This section is from the book "A Text Book Of Materia Medica, Being An Account Of The More Important Crude Drugs Of Vegetable And Animal Origin", by Henry G. Greenish. Also available from Amazon: A Text Book of Materia Medica : Being an Account of the More Important Crude Drugs of Vegetable and Animal Origin.
White hellebore, Veratrum album, Linne (N.O. Liliaceae), is an herbaceous plant with erect perennial rhizome, common in the mountains of central and southern Europe. It produces large, ovate, ribbed leaves and a flowering stem that attains a height of a metre or more. The rhizome appears to have been known and used medicinally for many years, but owing to its powerful and uncertain action it has been employed chiefly as an external application, though to a limited extent only.
The rhizome is dug up in the autumn, and the leaves, which are all radical until a flowering stem is produced, are cut off close to it. It is then usually dried entire, but is sometimes cut longitudinally into halves or quarters to facilitate drying, sometimes deprived of its roots and occasionally sliced transversely. The separation of the roots is to be deprecated, as they appear to be more active than the rhizome. When fresh the rhizome has an alliaceous odour, but this is lost by drying.
White hellebore rhizome (when freed from the roots) averages about 5 cm. in length and 2 cm. in thickness, and is of a dull black colour externally. The upper part is nearly cylindrical, but the lower extremity, where the rhizome gradually perishes and rots away as growth progresses, is usually bluntly conical or truncate. It is crowned with a dense leafy mass consisting of the thin, dry remains of numerous concentrically arranged leaf-bases which have been cut off level close to the rhizome; the outer of these are coarsely fibrous, the parenchymatous tissue having perished, leaving the veins persistent. The surface of the rhizome is rough and wrinkled and shows encircling scars, in the centre of which the slender wood is distinctly visible. In the untrimmed rhizome the roots are very numerous and stout: they completely envelop the rhizome, so that the untrimmed drug is much more bulky than the rhizome alone. They are usually dull grey or yellowish in colour, and commonly show a disposition to shrivel longitudinally rather than transversely.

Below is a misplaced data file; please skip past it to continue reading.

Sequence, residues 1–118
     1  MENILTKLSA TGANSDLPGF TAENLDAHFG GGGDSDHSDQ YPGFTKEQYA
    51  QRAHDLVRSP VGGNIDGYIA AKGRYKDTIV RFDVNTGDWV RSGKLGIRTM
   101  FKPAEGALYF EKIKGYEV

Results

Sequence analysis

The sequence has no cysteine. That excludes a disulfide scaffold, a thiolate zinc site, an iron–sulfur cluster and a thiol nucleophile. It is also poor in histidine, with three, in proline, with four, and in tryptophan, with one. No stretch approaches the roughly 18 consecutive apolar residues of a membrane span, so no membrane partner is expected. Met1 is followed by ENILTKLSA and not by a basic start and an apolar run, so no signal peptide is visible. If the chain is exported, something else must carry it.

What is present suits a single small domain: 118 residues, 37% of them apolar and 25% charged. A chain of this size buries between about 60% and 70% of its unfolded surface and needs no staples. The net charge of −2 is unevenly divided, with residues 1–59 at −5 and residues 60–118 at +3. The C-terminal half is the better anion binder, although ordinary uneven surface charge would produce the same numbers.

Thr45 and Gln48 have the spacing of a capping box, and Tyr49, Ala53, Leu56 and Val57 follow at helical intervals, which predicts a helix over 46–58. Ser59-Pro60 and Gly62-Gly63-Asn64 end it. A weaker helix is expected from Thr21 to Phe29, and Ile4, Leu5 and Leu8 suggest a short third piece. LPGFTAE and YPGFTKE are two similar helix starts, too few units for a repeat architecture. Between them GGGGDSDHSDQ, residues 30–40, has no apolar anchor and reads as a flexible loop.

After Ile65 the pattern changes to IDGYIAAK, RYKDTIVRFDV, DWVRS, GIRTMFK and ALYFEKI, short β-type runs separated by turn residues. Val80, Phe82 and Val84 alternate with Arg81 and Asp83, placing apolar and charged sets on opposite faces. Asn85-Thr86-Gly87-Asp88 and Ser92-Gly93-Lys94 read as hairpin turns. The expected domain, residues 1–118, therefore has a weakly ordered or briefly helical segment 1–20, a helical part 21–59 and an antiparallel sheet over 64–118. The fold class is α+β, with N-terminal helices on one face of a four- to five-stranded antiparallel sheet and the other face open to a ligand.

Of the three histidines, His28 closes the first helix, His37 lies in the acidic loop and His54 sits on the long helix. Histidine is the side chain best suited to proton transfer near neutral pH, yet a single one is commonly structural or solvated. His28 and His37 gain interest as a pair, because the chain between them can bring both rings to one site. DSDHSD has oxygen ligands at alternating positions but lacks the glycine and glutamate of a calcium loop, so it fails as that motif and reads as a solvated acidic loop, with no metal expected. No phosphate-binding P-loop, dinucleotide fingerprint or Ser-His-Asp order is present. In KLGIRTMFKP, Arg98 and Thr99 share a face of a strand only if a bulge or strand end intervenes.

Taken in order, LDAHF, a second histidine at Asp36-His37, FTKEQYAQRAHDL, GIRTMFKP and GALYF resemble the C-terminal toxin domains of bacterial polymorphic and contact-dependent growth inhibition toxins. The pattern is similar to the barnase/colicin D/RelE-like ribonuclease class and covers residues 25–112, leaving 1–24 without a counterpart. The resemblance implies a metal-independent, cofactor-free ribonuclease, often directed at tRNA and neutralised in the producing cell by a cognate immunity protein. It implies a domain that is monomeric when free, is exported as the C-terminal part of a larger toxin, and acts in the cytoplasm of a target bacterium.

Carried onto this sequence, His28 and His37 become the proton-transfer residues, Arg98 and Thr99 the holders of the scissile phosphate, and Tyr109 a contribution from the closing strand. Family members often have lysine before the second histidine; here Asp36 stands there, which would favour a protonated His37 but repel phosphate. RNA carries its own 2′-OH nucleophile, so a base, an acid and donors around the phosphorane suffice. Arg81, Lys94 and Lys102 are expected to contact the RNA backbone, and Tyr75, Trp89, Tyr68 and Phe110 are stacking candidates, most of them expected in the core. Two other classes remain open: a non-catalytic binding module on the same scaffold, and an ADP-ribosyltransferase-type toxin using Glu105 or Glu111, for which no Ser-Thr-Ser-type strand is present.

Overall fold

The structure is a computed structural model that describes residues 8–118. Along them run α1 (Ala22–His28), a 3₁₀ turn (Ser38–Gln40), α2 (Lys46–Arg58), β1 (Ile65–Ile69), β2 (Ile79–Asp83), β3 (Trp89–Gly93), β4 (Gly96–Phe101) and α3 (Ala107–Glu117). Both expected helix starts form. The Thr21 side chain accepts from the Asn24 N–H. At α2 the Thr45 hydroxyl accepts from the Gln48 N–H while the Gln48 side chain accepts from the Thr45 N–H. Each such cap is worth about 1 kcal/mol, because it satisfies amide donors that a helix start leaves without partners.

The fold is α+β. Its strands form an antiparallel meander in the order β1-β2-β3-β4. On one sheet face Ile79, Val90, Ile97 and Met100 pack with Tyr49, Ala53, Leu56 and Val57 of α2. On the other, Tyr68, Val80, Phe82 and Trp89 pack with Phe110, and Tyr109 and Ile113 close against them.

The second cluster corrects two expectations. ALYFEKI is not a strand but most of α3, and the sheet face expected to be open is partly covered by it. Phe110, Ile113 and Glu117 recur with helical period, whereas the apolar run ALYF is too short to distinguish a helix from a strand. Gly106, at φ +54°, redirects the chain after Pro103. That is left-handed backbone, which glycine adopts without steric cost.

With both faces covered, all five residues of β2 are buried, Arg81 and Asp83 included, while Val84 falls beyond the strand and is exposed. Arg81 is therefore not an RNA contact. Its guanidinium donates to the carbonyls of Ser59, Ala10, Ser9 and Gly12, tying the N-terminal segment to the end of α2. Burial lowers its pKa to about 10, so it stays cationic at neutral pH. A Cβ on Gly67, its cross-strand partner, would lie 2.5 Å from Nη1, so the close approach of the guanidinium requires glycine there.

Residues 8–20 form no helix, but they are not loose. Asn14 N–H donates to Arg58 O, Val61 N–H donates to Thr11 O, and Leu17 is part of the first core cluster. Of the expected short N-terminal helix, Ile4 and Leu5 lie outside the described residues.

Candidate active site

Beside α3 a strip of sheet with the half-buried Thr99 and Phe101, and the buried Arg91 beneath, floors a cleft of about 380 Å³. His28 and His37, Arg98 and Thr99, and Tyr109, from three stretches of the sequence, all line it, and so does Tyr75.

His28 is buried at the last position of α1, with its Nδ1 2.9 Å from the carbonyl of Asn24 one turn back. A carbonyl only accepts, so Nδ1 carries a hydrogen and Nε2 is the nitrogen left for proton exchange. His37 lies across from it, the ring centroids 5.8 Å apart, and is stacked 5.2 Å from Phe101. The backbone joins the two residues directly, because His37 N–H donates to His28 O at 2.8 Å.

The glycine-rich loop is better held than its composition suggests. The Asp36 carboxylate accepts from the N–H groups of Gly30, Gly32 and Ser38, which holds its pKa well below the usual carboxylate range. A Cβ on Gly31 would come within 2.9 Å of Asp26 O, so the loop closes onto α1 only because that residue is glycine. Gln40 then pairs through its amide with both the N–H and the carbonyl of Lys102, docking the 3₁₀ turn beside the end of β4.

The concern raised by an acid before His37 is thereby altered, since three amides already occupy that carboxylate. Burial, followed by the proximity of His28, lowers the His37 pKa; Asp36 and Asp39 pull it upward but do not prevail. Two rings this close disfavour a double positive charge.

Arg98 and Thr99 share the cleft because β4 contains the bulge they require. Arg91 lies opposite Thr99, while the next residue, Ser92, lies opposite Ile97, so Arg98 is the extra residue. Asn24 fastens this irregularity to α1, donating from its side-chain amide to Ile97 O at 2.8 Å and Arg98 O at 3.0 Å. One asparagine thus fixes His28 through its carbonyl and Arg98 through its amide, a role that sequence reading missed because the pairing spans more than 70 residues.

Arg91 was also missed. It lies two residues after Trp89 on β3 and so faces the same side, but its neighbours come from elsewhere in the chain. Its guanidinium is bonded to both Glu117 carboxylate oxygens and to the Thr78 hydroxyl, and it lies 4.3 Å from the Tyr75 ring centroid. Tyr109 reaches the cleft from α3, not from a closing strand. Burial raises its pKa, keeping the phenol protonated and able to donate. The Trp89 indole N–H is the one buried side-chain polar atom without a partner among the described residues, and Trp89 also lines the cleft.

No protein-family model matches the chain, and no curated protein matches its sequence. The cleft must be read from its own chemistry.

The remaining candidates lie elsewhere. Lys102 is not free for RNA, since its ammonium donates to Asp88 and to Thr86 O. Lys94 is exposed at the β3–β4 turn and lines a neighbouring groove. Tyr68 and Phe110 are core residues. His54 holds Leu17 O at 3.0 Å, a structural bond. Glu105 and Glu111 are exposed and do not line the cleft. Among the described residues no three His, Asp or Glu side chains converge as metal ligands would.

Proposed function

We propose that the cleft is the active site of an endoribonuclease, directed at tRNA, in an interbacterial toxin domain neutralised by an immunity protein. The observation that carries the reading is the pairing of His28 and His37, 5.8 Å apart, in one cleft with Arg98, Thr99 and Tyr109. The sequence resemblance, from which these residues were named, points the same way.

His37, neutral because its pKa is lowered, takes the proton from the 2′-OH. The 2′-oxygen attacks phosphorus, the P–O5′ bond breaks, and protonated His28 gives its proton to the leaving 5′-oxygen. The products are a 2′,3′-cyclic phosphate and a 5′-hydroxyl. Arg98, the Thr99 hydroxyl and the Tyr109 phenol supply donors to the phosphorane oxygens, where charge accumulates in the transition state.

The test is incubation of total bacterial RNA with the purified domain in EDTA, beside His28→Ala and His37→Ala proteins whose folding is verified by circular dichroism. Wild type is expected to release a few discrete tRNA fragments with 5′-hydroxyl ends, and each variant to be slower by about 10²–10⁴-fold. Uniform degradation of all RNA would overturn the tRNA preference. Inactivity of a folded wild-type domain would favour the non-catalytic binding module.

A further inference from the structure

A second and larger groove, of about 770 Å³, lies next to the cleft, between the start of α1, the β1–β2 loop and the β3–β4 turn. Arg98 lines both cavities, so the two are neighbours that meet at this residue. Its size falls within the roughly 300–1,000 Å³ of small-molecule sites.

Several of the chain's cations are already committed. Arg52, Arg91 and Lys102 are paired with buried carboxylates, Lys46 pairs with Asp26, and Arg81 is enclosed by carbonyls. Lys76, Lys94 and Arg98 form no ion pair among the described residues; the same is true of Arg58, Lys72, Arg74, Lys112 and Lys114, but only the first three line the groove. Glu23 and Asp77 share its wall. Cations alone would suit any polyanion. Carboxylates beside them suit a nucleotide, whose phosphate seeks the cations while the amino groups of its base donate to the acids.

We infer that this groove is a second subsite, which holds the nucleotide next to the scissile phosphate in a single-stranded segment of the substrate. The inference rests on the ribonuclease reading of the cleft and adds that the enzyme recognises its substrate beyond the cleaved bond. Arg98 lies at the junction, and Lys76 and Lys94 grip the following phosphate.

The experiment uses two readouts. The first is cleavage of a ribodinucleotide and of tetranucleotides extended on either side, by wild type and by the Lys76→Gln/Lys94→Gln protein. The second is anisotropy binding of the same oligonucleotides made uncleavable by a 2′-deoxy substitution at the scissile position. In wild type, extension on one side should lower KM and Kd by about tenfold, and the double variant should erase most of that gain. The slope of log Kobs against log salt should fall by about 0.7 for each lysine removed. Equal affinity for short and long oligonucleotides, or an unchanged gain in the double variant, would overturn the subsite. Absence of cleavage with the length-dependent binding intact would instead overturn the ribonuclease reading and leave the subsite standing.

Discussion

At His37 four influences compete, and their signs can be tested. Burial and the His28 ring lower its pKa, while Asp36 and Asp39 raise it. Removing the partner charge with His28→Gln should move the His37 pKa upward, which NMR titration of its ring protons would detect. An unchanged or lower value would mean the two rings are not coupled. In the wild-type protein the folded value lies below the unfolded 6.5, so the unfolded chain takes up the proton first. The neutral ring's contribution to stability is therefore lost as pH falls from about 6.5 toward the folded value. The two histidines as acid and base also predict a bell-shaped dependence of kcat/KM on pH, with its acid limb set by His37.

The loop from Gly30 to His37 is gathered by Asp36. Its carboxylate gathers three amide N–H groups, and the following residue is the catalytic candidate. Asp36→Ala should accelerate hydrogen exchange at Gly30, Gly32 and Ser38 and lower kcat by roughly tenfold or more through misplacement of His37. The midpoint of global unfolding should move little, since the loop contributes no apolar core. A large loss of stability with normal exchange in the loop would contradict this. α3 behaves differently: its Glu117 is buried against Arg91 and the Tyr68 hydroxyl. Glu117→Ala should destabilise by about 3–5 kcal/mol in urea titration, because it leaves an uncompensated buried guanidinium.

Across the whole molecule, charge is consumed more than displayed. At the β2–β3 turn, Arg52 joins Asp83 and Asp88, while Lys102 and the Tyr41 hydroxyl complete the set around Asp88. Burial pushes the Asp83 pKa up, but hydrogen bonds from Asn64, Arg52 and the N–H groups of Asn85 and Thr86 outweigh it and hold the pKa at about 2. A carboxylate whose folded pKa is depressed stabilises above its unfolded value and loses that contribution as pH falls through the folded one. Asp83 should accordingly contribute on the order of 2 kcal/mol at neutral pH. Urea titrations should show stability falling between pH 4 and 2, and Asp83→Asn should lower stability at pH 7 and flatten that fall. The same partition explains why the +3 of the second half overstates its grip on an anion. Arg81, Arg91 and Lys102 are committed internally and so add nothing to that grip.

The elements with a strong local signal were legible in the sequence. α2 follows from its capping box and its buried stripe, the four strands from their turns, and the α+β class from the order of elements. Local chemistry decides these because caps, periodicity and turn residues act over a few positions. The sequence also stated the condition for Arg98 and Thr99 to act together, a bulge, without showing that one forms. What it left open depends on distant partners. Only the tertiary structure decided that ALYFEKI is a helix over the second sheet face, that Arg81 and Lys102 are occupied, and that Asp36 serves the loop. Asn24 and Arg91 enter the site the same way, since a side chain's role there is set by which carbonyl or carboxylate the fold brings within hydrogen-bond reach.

The rhizome frequently branches, two or even three branches springing from the same rhizome. This is caused by the production of a flowering stem; the main axis being thus terminated, the growth of the rhizome is continued by the development of one or more of the buds that are situated in the axils of the inner radical leaves. Such a branch may grow for several years before it flowers.
The drug breaks with a short fracture, the interior being whitish, firm, compact, and starchy. The cortex is about 3 mm. thick, and separated by a wavy, brownish line (endodermis) from the stele, the latter being irregularly traversed in a characteristic manner by yellowish fibro-vascular bundles. The cortex also exhibits occasional bundles (leaf-traces), and gives off here and there a root.
The drug has a bitterish, acrid taste but little odour; the powder is strongly sternutatory.
Fig. 211. - White Hellebore rhizome. A, rhizome with roots. B, longitudinal section of rhizome. Natural size. (Pharmaceutical Journal).
The student should observe
(a) That the rhizome is usually entire,
(b) That the roots are greyish in colour, and not often much shrivelled transversely,
(c) The characters of the transverse section; and should compare the drug with American veratrum (see below).
White hellebore contains several alkaloids, amounting in all to 0.5 to 1.0 per cent. The most important and the most toxic of these is protoveratrine, C32H51NO11 (0.03 per cent.), which is obtainable in small crystals melting at 245° to 250°. It closely resembles aconitine in its action, and is in addition a powerful sternutatory. Jervine, C26H37N03,2H10, is also crystalline and toxic, but it is less active than protoveratrine. Rubijervine and pseudojervine are also present, but are said to be inactive. Whether protoveratridine occurs preformed in the drug is doubtful. The roots appear to be somewhat richer in alkaloid than the rhizome (Bredemann, 1906), and should not therefore be discarded. White hellebore also contains resin and starch.
White hellebore is a powerful emetic and purgative when administered in full doses. It has been prescribed for gout, but is now usually employed as an external application in certain skin diseases, for the destruction of pediculi and other noxious vermin, and as a moth-powder.